It’s an oft-told story: for seven weeks, Buddha sat beneath the bodhi tree, meditating after having achieved enlightenment. He was, of course, also fasting — and while depictions of the seated Buddha nearly always portray him with a healthy physique, a number of rare sculptures focus on illustrating the realities that wore down his body. A gray schist figure from the ancient region of Gandhara, known as the “Emaciated Buddha,” represents one of just a few known, fully intact examples of this small, starved group. Dating from between the 2nd and 4th centuries, it is being seen publicly for the first time this week in an Auctionata sale of Gandhara and early Buddhist sculptures.
With a torso that reveals his rib cage, bony shoulders, and even sinewy tendons and veins, the Emaciated Buddha is the standout of the 38 lots, which all arrive from a European’s family collection founded in the 19th century. They include a number of meditating Buddhas of a more regular weight, renderings of female deities, and a schist figure of a mustachioed, crouched Winged Atlas. Seated on a pedestal whose base features small, carved worshippers gathered around a stupa, the Emaciated Buddha is also the largest object of the collection: it measures over three feet tall. According to Dr. Arne Sildatke, Auctionata’s head of Asian art, very few sculptures of an emaciated Buddha were ever made, and such large, nearly life-sized ones are especially rare. Although his sunken state may shock, he still conveys the strength — both mental and physical — that more typical representations of the enlightened teacher embody.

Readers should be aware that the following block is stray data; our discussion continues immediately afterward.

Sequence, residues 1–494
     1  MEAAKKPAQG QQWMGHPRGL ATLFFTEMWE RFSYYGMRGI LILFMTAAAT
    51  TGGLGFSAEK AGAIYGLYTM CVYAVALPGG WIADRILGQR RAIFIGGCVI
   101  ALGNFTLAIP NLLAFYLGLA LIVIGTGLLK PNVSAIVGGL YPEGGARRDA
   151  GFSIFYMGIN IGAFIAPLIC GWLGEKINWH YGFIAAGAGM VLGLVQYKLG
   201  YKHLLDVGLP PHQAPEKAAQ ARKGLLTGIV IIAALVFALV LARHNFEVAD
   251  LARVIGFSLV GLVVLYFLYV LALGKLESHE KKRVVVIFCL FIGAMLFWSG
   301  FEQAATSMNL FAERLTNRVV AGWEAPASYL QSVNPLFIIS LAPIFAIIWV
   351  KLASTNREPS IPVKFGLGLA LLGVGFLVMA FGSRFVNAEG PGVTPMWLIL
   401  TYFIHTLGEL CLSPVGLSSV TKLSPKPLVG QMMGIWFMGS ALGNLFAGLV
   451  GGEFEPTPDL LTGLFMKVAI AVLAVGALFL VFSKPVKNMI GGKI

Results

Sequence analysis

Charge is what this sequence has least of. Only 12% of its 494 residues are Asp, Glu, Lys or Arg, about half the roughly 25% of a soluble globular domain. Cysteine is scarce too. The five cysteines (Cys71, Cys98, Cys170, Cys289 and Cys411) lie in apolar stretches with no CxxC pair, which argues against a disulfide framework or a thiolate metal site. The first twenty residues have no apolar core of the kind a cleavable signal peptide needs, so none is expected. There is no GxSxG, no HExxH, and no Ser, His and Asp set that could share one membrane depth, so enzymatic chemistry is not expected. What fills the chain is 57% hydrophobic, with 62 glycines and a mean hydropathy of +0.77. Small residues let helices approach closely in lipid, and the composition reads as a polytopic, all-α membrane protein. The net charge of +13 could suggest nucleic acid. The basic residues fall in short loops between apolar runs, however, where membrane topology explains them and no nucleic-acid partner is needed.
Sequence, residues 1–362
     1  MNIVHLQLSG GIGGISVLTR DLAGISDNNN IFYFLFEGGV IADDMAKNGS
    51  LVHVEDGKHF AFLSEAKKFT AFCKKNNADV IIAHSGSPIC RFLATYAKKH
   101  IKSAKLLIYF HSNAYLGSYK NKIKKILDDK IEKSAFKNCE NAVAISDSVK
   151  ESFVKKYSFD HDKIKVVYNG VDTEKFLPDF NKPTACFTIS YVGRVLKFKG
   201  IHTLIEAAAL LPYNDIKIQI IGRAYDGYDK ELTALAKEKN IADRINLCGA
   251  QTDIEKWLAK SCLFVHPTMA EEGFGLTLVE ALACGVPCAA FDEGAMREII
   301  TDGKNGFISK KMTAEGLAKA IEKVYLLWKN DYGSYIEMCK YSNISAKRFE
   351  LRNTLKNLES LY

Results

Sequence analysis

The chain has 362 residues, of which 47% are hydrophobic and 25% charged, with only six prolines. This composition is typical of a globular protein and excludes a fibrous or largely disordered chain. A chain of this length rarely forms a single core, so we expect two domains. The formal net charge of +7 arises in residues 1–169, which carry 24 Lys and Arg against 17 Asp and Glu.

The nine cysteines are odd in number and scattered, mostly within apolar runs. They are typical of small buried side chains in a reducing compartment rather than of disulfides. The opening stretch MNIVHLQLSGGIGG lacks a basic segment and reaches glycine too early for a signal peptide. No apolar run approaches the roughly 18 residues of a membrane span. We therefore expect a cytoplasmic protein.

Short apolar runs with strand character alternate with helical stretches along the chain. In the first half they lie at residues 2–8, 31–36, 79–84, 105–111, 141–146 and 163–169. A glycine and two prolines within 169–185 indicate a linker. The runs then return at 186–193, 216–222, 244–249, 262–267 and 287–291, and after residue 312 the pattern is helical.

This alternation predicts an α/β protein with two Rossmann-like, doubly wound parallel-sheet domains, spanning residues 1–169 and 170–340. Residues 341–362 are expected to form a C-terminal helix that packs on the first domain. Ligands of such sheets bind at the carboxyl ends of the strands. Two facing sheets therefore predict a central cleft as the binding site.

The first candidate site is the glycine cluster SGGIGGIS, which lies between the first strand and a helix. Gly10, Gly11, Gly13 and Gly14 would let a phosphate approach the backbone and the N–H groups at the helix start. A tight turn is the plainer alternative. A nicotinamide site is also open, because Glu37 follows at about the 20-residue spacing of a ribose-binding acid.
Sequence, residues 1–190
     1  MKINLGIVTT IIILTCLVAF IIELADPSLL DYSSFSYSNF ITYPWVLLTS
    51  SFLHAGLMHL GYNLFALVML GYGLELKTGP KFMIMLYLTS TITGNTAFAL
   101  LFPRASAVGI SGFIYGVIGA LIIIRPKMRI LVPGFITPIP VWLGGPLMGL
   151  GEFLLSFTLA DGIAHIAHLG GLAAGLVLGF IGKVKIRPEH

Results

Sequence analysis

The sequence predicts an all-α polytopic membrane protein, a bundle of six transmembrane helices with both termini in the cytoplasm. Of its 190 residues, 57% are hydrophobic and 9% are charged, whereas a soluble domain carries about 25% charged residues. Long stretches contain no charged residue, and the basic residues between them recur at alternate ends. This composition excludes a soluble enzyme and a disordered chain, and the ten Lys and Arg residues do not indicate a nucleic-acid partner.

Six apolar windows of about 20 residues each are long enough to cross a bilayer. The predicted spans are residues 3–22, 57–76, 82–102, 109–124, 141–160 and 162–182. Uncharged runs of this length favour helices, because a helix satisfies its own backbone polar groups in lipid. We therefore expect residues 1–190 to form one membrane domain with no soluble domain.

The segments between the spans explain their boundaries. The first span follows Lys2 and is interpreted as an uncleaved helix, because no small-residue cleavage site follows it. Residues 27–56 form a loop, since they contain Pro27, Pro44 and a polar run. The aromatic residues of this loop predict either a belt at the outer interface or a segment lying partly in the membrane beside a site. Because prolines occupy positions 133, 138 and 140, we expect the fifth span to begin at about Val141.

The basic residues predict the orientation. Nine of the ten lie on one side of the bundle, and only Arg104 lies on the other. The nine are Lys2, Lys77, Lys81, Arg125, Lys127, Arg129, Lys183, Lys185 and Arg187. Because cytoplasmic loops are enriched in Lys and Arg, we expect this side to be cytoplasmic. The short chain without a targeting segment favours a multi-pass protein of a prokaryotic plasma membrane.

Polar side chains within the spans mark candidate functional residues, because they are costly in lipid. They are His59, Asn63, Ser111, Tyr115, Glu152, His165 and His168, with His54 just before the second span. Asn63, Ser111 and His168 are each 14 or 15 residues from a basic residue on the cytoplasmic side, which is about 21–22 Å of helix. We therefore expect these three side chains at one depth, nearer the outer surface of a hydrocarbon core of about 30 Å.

“In an intercultural perspective, the depiction of the Fasting Buddha can be compared to images of the crucified Jesus Christ in order of its religious importance,” Sildatke told Hyperallergic. “Nevertheless, it is not a symbol of death and resurrection but of self-empowerment and overcoming of suffering by the human spirit. It is a manifest to Buddha’s unbelievable will and dedication and therefore an iconic image for Buddhist worshippers and followers on his path alike.”
This Buddha was likely once displayed in a prominent location, serving as an object of contemplation for worshippers. Other known emaciated Buddhas are today scattered around the world: Pakistan’s Lahore Museum has a stunning, complete figure that also features a long beard, a reflection of Buddha’s asceticism. Another incredibly bony one turned up at a Christie’s auction in 2010. Fragmented versions are found in many institutional collections, from the Peshawar Museum to the Metropolitan Museum of Art, whose example is, unfortunately, headless, but reveals strict attention to anatomical details in its remaining body. Much of the power of these works to evoke Buddha’s devotion to his legendary cause stems from the artists’ use of deeply incised lines — a characteristic of Gandharan art that resulted from a cultural dialogue between East and West.
“It was in the ancient region of Gandhara (nowadays Pakistan/Afghanistan) where the arts of the Indian subcontinent merged with Hellenistic art, brought into this region by Alexander the Great and his successors,” Sildatke told Hyperallergic. “The fascination with the human body and a close naturalistic observation of the human form can both be found in Hellenistic art and in an Indian sculptural tradition. In Gandharan art, at the crossroads of East and West, these traditions merged into a unique expressive style.” With bones and veins so thin and carefully carved they’re nearly indistinguishable from the folds of his long scarf, the seated gray schist Buddha is among the most stirring manifestations of this distinct cultural merger.
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